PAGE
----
Last night, after a full day out, I finished the socks I’ve been working on for so long.  They are now in the back yard, blocked on a towel and drying in the breeze.

Finally, I managed to do the first dyeing step on the woven shibori stole.  I let the colors batch for almost 24 hours and they came out much brighter than my sample from earlier this summer. Today I decided to use water from my rain barrel to wash out the dye.  That worked out beautifully!  I used about 10 gallons to rinse.

Let’s just say, I was exhausted.  But in a good kind of way.

I have a special place in my heart for church architecture. Everything has meaning–the stained glass windows, the iconography, the symbols on the altar, even the layout of the sanctuary.  It represents the divine and the incarnation and it’s a comfort to pause each week and consider the larger picture of eternity.

One particular sculpture in my husband’s church has delighted me over the years.  Probably because I’ve never seen the Virgin Mary depicted in such a way. 

Who knew that Mary was a spinner?  If you look closely, she is spinning fiber from a distaff on a spinning wheel while Jesus and Joseph work at their carpentry. I love the implication that she created yarn in the midst of being mother to the Messiah.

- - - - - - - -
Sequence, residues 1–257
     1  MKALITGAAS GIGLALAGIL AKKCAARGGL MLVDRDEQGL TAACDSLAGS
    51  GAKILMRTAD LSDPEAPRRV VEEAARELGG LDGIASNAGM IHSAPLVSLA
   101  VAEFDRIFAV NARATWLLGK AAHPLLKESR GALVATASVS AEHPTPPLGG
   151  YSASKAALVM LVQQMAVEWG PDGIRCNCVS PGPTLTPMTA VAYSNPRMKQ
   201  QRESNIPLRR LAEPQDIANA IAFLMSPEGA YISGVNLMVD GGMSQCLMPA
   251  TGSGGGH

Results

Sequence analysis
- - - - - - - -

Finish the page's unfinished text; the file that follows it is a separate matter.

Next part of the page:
I can’t say that my spinning or weaving reaches heavenly heights, but it’s nice to think that fiber was part of the daily rhythm of the Holy Family.

The Olympics are in full swing and so is my fiber spinning project.  After much thought, I decided to spin a mildly bulky singles yarn to use in a knitting to felting  project.  Slippers come to mind.

In an earlier post, I showed the fiber off the drumcarder.  That fiber is coming together as a nicely colored yarn and looks particularly nice in motion on my Louet S-10 DT.

One of the features I like most about my Louet spinning wheel is the large bobbin capacity.  These bobbins hold so much yarn that you rarely have to change them out. 

Before I drumcarded the fiber, I tried spinning the roving straight after dyeing it.  The bobbin on the left shows how defined the colors are, however, the roving was so matted from the dye, it was difficult to draft and strained my wrists.  Drumcarding opened up the fibers for easier drafting, while blending the colors into an attractive mix.  I have much more fiber to spin, but a nightly turn at the wheel should complete the project by the time of the Olympics closing ceremony.